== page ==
One of the most influential books I’ve ever read was Nudge by behavioural economist Richard Thaler and Cass Sunstein. The book is all about subtlety or gently steering people into making better choices to improve their health, wealth, and happiness. Policymakers around the world caught on to his groundbreaking research, which have been widely applied by business and government to get individuals to do a range of actions such as saving for retirement, paying parking tickets, and getting flu shots.
That’s why it was satisfying to see Thaler recognized as the winner of this year’s Nobel Prize in Economic Science. It’s a controversial choice because traditional economists operate on the theory that everyone is rational, while Thaler and others in his field use psychological research to argue that humans are quite irrational when it comes to the decisions we make.
“For some in the profession, the idea that psychological research should even be part of economics has generated hostility for years.”
Asked how he would spend the prize money of about $1.1 million, Professor Thaler replied, “This is quite a funny question.” He added, “I will try to spend it as irrationally as possible.”
- How Nobel Prize-winning Economists spent their winnings, by MarketWatch
- Another Nobel Surprise for Economics, by Robert Shiller.
- Richard Thaler, The People’s Economist, by Morningstar.
This Week’s Recap:
First up, happy anniversary to my beautiful wife! We’re celebrating 11 years of marriage this weekend – love you, babe!
Back to the blog, on Monday I explained exactly how (and when) to rebalance your portfolio.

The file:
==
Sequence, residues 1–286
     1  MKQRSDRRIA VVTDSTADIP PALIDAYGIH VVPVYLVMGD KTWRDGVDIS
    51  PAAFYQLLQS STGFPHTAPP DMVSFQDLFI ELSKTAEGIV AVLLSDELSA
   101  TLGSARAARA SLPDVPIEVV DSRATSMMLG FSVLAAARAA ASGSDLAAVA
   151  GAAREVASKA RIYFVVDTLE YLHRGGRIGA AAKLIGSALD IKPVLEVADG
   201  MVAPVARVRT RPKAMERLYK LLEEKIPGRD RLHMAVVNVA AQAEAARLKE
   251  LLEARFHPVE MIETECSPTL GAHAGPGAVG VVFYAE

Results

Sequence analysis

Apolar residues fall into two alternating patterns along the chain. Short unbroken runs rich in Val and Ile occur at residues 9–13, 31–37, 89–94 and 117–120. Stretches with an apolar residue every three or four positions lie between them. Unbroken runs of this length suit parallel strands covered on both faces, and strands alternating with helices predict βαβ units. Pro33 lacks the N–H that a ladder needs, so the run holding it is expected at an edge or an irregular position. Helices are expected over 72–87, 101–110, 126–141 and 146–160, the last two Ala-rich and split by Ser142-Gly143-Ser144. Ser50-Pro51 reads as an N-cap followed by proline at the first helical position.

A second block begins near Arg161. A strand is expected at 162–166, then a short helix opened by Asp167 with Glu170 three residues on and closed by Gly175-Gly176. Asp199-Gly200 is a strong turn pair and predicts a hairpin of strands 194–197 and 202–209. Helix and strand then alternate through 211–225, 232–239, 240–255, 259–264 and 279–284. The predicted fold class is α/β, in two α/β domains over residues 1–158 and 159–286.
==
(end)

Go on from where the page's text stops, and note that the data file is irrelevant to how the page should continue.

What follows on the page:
On Wednesday Marie asked what hobbies are on your retirement bucket list?
And on Friday Marie answered a reader question about turning your LIRA into retirement income.
A shocking piece in the New Yorker on how the elderly lose their rights:
“Guardians can sell the assets and control the lives of senior citizens without their consent—and reap a profit from it.”
Here’s Jason Heath of Objective Financial Partners discussing a recent piece on saving more because we’re living longer.
A disturbing story from CBC’s Go Public about an investment broker that ‘churned’ a client’s account to generate $250,000 in commissions.
As regulators continue to gather feedback about eliminating commissions embedded in investment products, industry veteran Dan Hallett says clients’ interests are being overlooked.
Meanwhile, here’s how Canadian fund managers performed vs. indexes through the first half of 2017. Not good.
The latest Canadian Couch Potato podcast is a good one, as Dan interviews Mike Foy from J.D. Power about the Canadian Self-Directed Investor Satisfaction Survey. The podcast goes on to tackle a question from a newbie investor who’s having trouble coping with a 2% loss in his index fund portfolio over the last six months.
Julie Cazzin at MoneySense explains how to shuffle a DIY portfolio to last to age 90.
Michael James looks at a tax saving strategy called ‘liberating your losers’ and shows why it doesn’t work.
An interesting study from the latest Census data reveals who are Canada’s 1 percent and highest paid workers.
A guest post on Million Dollar Journey looks at striving for financial independence in a high cost city.
Always controversial Des Odjick says you can buy a house even if it’s not a ‘good investment’.
Finally, here’s why 2017 will go down as the beginning of the end of the internal combustion engine.
Have a great weekend, everyone!